Mini Review: Fish out of Water (iOS)

The new game from Halfbrick looks, sounds, and plays just as nicely as you’d expect from these seasoned iOS champions. It’s a little casual for me, but undeniably addictive and well-designed. The goal is to fling your few fishes as far as flipping possible. Think of it as a less obnoxious version of Angry Birds.

Article: Modernisation Versus Backwards Compatibility

It’s been a long standing argument between gamers and developers, the question: how much priority should backwards compatibility take in the hardware market? On one hand, gamers are reluctant to get rid of their old classics, or they might want to pick up a platinum game in future without having to buy a new console, which is both expensive, and can seem like needless clutter. On the other hand, not catering for backwards compatibility can allow consoles to be more lightweight and streamlined, and free up internal space for more gadgets and hardware. Let’s take a quick look at some good and bad examples of backwards compatibility from our favourite hardware manufacturers:


Good: the Gameboy Advance, the Wii.

The GBA could play Gameboy cartridges, and the Wii could play GameCube discs with four GameCube controller ports and two memory card slots. Many Nintendo classics were also released for download on the online arcade, at pocket money prices. Nintendo even produced Wii games which you could choose to play with a GameCube controller, like Super Smash Bros. Brawl.

Bad: the DS.

The DS, bizarrely, was able to play GBA games, but not original Gameboy or Gameboy Color cartridges. They would fit into the machine, as the base was the same size and shape as a GBA cartridge, but they would not run. This just seems lazy on Nintendo’s part, as including a GB emulator would have only taken up a couple of megabytes and a few lines of code in the firmware.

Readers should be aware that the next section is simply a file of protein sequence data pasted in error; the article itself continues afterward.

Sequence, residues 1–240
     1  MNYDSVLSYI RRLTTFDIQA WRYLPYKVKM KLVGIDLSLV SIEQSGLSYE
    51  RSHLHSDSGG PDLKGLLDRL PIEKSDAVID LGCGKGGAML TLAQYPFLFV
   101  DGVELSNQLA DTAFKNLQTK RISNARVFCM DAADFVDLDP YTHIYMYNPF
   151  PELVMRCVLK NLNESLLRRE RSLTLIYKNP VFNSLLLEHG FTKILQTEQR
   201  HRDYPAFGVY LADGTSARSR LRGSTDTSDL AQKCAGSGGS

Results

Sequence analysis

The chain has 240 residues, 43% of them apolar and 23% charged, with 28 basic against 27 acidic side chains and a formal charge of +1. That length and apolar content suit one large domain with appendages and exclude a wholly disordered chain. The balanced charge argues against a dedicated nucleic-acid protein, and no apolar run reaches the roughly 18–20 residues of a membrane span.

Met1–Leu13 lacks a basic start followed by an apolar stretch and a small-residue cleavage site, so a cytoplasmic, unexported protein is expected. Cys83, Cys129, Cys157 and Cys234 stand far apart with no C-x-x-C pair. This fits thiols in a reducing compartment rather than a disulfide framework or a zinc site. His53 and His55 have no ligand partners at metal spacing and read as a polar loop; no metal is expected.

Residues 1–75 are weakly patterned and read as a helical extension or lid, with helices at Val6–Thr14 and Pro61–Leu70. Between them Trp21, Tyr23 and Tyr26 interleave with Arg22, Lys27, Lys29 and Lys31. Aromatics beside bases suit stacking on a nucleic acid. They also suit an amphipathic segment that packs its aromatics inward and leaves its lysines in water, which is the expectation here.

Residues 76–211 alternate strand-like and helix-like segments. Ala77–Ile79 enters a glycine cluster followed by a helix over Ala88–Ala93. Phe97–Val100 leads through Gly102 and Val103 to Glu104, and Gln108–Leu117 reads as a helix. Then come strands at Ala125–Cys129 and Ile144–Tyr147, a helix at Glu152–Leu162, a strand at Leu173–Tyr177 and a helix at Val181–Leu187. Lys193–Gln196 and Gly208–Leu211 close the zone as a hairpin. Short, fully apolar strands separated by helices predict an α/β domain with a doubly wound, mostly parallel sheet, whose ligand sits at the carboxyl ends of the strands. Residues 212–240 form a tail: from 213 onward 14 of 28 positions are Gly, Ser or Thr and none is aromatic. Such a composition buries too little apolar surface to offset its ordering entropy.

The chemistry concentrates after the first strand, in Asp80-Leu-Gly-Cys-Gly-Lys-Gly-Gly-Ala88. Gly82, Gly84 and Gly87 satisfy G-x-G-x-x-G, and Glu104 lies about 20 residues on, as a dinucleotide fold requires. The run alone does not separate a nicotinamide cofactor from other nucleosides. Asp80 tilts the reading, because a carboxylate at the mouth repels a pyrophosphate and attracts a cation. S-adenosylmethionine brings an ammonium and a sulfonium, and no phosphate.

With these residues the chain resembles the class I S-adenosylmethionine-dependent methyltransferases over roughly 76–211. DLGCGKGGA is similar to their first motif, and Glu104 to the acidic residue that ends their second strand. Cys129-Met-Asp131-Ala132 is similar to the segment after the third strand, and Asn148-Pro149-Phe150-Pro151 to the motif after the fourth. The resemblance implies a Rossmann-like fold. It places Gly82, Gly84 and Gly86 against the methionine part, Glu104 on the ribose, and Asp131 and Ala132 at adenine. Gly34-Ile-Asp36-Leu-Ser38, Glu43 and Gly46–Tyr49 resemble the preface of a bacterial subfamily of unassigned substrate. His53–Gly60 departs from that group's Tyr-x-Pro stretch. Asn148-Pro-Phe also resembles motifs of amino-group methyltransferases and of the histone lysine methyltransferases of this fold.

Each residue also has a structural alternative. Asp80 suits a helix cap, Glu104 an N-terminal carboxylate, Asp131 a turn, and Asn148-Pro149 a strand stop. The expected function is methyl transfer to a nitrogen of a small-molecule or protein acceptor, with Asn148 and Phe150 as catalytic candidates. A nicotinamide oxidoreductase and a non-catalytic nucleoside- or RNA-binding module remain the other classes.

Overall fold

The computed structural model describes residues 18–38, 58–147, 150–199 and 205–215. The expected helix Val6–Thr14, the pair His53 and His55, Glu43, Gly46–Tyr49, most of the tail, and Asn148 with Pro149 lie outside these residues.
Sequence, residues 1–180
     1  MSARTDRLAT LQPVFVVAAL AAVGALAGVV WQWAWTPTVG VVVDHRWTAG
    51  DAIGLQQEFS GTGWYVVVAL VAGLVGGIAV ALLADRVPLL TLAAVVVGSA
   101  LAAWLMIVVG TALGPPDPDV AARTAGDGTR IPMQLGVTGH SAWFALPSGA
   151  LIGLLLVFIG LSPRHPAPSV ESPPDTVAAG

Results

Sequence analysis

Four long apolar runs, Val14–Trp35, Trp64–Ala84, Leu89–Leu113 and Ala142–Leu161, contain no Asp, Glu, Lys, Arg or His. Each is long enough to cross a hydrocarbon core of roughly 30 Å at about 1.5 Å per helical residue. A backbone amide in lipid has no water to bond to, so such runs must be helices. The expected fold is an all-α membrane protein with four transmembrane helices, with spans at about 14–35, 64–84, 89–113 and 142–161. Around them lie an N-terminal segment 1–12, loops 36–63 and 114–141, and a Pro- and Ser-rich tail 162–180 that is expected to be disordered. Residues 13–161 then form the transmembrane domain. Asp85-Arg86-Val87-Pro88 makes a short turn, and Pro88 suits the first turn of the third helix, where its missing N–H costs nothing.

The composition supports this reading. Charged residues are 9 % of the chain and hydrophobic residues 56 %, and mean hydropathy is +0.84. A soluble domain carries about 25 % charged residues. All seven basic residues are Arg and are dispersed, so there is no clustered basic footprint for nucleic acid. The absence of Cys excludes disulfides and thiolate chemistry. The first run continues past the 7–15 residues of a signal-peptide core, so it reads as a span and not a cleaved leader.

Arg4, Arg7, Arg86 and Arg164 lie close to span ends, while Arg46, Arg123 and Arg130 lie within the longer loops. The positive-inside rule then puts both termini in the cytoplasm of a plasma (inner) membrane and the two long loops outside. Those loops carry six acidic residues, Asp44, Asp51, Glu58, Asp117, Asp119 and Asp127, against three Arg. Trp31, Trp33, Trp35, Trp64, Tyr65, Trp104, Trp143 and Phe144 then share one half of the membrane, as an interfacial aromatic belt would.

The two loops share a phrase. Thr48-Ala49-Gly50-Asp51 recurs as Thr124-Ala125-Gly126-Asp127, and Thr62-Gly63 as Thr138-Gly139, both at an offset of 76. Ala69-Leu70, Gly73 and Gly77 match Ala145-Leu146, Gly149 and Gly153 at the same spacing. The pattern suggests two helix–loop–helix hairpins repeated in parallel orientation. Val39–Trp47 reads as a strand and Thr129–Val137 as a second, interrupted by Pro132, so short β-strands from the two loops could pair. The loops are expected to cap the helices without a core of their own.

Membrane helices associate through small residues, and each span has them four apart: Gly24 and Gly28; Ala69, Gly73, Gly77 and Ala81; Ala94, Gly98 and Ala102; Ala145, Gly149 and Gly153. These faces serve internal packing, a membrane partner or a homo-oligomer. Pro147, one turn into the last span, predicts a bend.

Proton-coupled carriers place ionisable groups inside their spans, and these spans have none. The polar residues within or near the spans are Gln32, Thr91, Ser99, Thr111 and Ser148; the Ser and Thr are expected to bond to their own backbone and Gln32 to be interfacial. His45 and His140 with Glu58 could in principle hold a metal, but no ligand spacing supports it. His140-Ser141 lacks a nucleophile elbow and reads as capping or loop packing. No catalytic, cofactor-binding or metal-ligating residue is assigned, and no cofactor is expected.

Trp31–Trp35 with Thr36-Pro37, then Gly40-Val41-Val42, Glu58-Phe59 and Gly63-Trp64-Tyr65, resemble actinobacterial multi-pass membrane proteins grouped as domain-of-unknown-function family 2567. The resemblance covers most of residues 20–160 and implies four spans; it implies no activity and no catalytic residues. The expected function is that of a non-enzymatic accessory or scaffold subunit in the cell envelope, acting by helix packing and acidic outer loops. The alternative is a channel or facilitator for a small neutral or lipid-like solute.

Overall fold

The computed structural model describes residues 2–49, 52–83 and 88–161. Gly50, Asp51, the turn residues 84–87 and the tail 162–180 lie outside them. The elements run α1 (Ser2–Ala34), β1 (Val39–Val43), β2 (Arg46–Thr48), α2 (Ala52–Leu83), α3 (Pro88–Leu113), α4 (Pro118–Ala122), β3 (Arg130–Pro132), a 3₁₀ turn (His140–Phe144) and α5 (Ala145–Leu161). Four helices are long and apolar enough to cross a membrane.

Good: the PS2

The PS2 could play PS1 games, as long as you owned a PS1 memory card, which fitted nicely into the same slot as the PS2 one.

Bad: the PS3.

Most PS3s can’t play PS2 games.


Good: The XBOX360.

The Xbox360 could play many original XBOX games via downloadable patches, and included an online marketplace teeming with cross-console cult classics from the past two decades.

Bad: Microsoft haven’t screwed over the retro lovers yet! Nothing to report here.

So what do you think about modernisation versus backwards compatibility? Do you like your consoles streamlined, or do you prefer a big ugly brick that can play games from 1998? Do you have any good or bad examples of backwards compatibility, or any interesting stories on the subject? Please let me know.

A note about my blog in 2013

Currently my game reviewing jobs are on hold due to holiday time, so I’m just keeping things ticking over by reviewing any games I finish and posting them up here. It’s partly to keep my skills from rusting away, and partly to cure my fiendish withdrawal symptoms (from lack of writing - not drugs!). I’ll be rating them in four areas: graphics, sound, gameplay, and story, before giving them an overall rating, which will roughly equate to an average of the other scores. Unfortunately if a game has no story it will get zero points out of ten for that category! Thanks for reading.

Game Review: Fotonica (PC)

(Image taken from Fotonica trailer)

A minimalistic first person running game I found on the Onlive marketplace, Fotonica is set apart from the rest of the pack by its distinctive visual style, excellent ambient music, and pick up and play simplicity.

After choosing from three modes of difficulty, you’ll be launched onto a seemingly infinite wireframe track. The controls are incredibly easy to learn - hold any button to run, and let go to jump. That’s all there is to it. The pace increases quickly, and as gaps start to appear in the track and multiple paths become available, things become a lot more interesting.

Fotonica might well be an extremely tedious game, if it wasn’t for the enchanting retro-psychedelic graphics. Looking like a cross between the first attempts at music visualization and the CGI effects from the original TRON movie, you’ll find yourself captivated as the landscape cascades and spirals out before you. As a result of its unorthodox ensemble of gameplay, music, and visuals, Fotonica is an interesting and addictive experience.

Update: Onlive has been shut down but Fotonica is available to play elsewhere.

Graphics: 7/10

Sound: 6/10

Gameplay: 5/10

Story: 0/10

Overall: 6/10